A bill to prop up the state's solar industry is expected to go before the state Assembly this week, and while most say the legislation is a good first step, some say a larger structural shift is needed to provide long-term stability to the industry.
The state incentivizes solar energy through its solar renewable energy certificate program. Under the program, those who generate solar power — including homeowners, schools and large industrial property owners — earn credits for the solar power they generate. They can then sell those credits, known as SRECs, on the open market.
On the other side of the supply-demand equation are power suppliers, which are required by the state to incorporate a set amount of green energy in their portfolios. One way to meet that requirement is by purchasing SRECs. Thus, solar system owners get a subsidy and the state achieves its goal of blending green energy into the state's power supply.
Last year, however, installations grew at such a rate that there were more SRECs than the market needed. Prices tanked, and forced the Legislature to consider setting new, higher renewable energy requirements.
Lyle Rawlings, president and CEO of Advanced Solar Products, in Flemington, said the bill — which Gov. Chris Christie has indicated he'll sign — will help, but it isn't an adequate long-term fix. "With the current bill, the one danger is that the runaway of construction that happened in 2011 could recur again in 2012 and 2013," he said. "If that happens, then all of the efforts that have been put into crafting this bill will fail to achieve the desired result."
Rawlings supports an idea put forth by Stefanie A. Brand, director of the state Division of Rate Counsel, to shift the renewable portfolio obligation away from power suppliers and instead place it on the companies that deliver the power — namely, the state's four electrical utilities. That could encourage more long-term SREC contracts, which Brand believes could ultimately lower the cost to ratepayers.
Brand made the suggestion as part of a Board of Public Utilities review of the basic generation service auction — the annual event where utilities procure the state's power supply.
"We certainly recognize that it's a pretty fundamental change to how we've been doing things," Brand said. "We thought it would be a good time for the board to take a look and see if this is a viable option. It certainly is an idea that could have benefits."
Brand said the current auction system is based on a series of three-year contracts. The power purchased each year is spread out over three years to help shield ratepayers from price fluctuations, but, she said, short-time horizons discourage long-term deals.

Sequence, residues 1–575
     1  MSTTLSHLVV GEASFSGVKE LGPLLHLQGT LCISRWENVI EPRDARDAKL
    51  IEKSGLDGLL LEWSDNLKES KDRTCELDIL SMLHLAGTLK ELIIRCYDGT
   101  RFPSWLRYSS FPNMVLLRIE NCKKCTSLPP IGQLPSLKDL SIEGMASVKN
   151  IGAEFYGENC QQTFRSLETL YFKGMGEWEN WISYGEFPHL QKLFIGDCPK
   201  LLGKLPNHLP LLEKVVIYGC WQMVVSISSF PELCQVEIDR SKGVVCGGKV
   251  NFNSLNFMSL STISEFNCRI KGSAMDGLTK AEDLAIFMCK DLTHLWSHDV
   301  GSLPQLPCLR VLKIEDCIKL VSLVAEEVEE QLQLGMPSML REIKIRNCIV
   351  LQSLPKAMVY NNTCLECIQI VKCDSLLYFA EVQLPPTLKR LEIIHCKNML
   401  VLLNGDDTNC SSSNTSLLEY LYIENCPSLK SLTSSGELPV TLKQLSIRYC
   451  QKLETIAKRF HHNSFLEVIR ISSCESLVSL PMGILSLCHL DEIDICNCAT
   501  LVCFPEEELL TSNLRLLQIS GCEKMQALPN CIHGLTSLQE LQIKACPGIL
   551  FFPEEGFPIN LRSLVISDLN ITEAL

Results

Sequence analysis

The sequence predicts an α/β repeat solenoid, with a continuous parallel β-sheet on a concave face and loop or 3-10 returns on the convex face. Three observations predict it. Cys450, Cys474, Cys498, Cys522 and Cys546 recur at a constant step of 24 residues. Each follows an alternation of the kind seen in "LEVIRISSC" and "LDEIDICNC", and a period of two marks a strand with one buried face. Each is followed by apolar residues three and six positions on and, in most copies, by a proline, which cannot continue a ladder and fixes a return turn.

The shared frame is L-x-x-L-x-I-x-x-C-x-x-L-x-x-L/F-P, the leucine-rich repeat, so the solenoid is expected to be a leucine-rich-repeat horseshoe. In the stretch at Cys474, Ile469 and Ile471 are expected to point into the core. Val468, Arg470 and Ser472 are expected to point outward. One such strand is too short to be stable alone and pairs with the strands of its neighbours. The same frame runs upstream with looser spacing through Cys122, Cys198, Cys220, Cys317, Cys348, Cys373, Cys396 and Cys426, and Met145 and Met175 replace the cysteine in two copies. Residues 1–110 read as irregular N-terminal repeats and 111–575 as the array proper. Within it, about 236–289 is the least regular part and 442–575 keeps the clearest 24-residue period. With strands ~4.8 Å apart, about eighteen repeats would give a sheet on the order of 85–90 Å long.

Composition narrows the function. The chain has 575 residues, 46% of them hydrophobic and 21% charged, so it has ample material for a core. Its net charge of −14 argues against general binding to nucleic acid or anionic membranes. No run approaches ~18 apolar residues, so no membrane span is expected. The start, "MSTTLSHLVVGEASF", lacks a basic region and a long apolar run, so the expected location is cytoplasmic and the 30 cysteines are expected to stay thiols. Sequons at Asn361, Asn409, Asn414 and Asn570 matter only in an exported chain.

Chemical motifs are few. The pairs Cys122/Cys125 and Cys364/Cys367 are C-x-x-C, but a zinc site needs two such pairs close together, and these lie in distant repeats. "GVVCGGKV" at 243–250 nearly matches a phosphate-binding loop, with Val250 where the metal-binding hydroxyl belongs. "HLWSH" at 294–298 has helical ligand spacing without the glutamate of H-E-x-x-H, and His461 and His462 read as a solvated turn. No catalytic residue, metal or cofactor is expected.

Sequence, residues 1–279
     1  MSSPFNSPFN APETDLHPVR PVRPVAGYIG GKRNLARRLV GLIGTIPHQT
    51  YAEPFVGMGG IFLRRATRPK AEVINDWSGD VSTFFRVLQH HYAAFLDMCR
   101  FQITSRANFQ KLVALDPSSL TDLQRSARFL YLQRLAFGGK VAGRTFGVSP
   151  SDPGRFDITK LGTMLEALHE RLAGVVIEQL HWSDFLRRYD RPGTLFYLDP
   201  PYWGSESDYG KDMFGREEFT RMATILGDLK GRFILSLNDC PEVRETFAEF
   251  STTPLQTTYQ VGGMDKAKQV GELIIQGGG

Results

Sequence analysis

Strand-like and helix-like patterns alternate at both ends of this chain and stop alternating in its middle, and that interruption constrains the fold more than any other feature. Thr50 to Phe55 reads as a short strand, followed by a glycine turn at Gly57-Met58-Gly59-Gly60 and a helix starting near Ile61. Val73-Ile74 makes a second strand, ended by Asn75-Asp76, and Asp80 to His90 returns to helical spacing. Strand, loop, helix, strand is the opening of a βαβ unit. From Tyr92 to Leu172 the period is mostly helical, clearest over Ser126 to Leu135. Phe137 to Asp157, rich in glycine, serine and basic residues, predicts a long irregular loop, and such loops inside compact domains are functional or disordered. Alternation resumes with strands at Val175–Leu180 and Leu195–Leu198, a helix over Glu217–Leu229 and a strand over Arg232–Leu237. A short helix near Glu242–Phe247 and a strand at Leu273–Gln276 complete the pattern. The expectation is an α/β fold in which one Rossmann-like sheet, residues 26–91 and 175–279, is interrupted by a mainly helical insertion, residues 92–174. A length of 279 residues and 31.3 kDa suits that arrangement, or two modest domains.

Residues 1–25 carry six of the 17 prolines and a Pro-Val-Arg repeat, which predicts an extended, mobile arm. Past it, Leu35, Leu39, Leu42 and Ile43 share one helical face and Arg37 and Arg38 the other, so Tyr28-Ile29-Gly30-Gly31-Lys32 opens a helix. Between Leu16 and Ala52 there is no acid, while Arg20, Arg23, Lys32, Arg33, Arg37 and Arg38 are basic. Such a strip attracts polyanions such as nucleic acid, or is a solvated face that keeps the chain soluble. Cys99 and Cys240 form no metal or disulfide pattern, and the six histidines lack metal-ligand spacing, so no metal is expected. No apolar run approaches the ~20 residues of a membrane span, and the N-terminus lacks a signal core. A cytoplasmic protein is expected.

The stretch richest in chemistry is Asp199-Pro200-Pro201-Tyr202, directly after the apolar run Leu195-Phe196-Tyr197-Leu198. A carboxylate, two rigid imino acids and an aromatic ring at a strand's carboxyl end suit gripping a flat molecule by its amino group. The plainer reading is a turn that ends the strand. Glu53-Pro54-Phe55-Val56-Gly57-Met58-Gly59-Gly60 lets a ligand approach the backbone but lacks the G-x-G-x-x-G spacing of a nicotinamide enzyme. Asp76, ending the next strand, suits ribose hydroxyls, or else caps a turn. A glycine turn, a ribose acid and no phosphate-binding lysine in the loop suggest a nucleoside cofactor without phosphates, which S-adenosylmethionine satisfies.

Brand said the shift would also provide more transparency, as under the current system, it's impossible to separate the cost of solar from the rest of the costs factored into an auction bid. Brand suspects that, in auctions, many power suppliers are simply factoring in the state-dictated ceiling price for SRECs in order to play it safe. "That way, they know they're covered," she said.
Michael Flett, who runs SREC trading platform Flett Exchange, disagrees. Flett said the auction is competitive, so it's not in a supplier's interest to bid any higher than needed. He believes in the long term, utility contracts could end up costing ratepayers more. "Every single time it's been done in the past — these long-term contracts for solar — they've overpaid," he said.
Flett said since utilities pass their costs on to ratepayers, they don't have the same incentive to negotiate the best prices. For instance, he said, many 10-year contracts in effect now have prices in the mid-$400 range — more than $100 higher than the ceiling price proposed in the solar rescue legislation, and triple current spot market prices.
"What I've been seeing is transitioning the development risk away from the people who are putting up solar and investing in it, and putting the risk onto the ratepayer," he said. Flett also said those selling SRECs would have fewer potential buyers if the change were made.
The Retail Energy Supply Association, a coalition of third-party power suppliers, also has expressed reservations about the change.
In May testimony before the BPU, RESA attorney Murray Bevan said his group would be open to considering such a plan in the future, but only if the renewable obligation was lifted from both third-party suppliers and the utilities.
Karen Alexander, president and CEO of the New Jersey Utilities Association, said she, too, would have concerns about such a switch. "If the state decided they wanted the utilities to have that responsibility, given (that) the things we are mandated to do by the state are recoverable to customers, it's just yet another customer burden, and really it does not give you the opportunity to see what the market will bear," she said.
Greg Reinert, spokesman for the BPU, said the agency's staff is slated to report back to the board on the review of the basic generation service auction at the board's June 18 meeting. It's unclear whether the solar restructuring issue specifically will come up.
Brand said she realizes the change would be a major shift and isn't advocating an overnight change. "What we're saying is let's take a look at whether or not there's a better way to do this," she said. "Let's figure out if we can move in that direction."
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